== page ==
Security researchers have found an important missing piece in the Stuxnet jigsaw that provides evidence that the malware was targeted at the types of control systems more commonly found in nuclear plants and other specialised operations than in mainstream factory controls.
It was already known that the highly sophisticated Stuxnet worm targets industrial plant control (SCADA) systems from Siemens, spreading using either unpatched Windows vulnerabilities or from infected USB sticks. The malware only uses infected PCs as a conduit onto connected industrial control systems. The malware is capable of reprogramming or even sabotaging targeted systems while hiding its presence using rootkit-style functionality.
New research, published late last week, has established that Stuxnet searches for frequency converter drives made by Fararo Paya of Iran and Vacon of Finland. In addition, Stuxnet is only interested in frequency converter drives that operate at very high speeds, between 807 Hz and 1210 Hz.
The malware is designed to change the output frequencies of drives, and therefore the speed of associated motors, for short intervals over periods of months. This would effectively sabotage the operation of infected devices while creating intermittent problems that are that much harder to diagnose.
Low-harmonic frequency converter drives that operate at over 600 Hz are regulated for export in the US by the Nuclear Regulatory Commission as they can be used for uranium enrichment. They may have other applications but would certainly not be needed to run a conveyor belt at a factory, for example.
Symantec - which has an informative write-up piece here - describes the new research as a "critical piece of the puzzle". Eric Chien, a senior researcher at Symantec, writes. "With this discovery, we now understand the purpose of all of Stuxnet’s code".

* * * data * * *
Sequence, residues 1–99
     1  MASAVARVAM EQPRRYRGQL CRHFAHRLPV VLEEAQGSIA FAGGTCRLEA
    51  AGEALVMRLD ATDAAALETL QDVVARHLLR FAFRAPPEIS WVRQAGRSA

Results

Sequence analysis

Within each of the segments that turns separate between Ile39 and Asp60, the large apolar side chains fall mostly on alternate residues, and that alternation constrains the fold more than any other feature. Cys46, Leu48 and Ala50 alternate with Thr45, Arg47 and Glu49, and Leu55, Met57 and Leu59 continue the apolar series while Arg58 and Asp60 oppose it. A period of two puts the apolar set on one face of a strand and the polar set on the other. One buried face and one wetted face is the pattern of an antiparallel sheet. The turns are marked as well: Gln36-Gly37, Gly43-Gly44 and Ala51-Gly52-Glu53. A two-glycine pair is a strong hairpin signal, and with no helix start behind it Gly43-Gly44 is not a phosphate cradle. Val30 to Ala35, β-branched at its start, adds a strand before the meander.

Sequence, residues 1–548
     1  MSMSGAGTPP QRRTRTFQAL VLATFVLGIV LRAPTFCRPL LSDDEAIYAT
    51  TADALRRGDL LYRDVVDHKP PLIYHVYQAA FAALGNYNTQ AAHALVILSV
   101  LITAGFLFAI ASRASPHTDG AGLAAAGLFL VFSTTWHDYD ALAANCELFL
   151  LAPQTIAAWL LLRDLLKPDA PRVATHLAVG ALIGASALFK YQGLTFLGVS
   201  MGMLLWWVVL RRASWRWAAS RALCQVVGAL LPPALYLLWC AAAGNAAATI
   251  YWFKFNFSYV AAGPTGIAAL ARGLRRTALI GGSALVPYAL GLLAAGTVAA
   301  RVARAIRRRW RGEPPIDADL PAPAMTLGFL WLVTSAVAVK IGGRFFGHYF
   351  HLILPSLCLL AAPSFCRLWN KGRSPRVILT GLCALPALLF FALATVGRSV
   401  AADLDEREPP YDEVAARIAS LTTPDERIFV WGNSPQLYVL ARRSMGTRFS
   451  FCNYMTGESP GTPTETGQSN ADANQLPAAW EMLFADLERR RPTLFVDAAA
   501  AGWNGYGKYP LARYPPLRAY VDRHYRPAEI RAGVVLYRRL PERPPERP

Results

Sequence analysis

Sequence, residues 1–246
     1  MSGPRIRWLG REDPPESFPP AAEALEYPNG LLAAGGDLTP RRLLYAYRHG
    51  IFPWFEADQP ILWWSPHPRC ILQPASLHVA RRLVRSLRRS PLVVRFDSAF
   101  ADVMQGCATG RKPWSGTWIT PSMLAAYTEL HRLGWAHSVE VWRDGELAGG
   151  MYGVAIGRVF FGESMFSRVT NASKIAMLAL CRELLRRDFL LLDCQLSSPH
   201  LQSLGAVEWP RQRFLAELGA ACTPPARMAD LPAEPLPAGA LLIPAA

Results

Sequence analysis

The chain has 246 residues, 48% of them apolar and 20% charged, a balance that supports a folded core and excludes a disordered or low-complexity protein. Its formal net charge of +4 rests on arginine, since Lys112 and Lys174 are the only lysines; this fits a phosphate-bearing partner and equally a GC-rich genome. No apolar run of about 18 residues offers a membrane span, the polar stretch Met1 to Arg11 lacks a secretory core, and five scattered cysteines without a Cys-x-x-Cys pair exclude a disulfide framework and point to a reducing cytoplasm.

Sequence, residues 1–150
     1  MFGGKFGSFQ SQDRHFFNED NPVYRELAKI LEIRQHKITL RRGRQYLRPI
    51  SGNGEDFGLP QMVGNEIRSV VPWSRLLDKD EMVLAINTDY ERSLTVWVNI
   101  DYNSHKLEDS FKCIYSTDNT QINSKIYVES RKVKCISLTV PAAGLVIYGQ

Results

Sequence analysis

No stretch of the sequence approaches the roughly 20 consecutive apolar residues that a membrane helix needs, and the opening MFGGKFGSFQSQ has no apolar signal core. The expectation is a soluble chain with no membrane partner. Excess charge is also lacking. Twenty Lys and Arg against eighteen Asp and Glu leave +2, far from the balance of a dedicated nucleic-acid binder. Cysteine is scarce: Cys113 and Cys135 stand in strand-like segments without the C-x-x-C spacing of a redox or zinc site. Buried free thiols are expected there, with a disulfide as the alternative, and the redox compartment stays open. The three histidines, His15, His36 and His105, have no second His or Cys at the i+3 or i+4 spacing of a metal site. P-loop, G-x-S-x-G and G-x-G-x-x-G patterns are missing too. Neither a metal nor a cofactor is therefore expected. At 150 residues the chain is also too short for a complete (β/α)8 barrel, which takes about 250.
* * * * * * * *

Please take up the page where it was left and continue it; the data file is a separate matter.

Although we know what Stuxnet does, we still can't be sure who created it or its exact purpose, although we can make an educated guess.
Stuxnet infections first surfaced in Malaysia in June, but the appearance of the malware in Iran has long been the major point of interest in the story. Plant officials at the controversial Bushehr nuclear plant in Iran admitted the malware had infected its network in September. This had nothing to do with a recently announced two-month delay in bringing the reactor online, government ministers subsequently claimed.
One theory is that Russian contractors at the site of Bushehr power plant introduced the malware, either accidentally or (more likely) deliberately. Stuxnet used four Windows zero-day vulnerabilities to spread and must have been developed by a team with expertise in and access to industrial control systems over several weeks, at a minimum. Altogether an expensive and tricky project with no obvious financial return, factors suggest the malware was developed with either the direct involvement of support of intelligence agencies or nation-states and designed for sabotage.
The appearance of the malware has provoked talk of cyberwar in some quarters and certainly done a great deal to raise the profile of potential attacks on power grid and utility systems in the minds of politicians. This is regardless of the potential likelihood of such an attack actually being successful, which remains unclear even after the arrival of Stuxnet. ®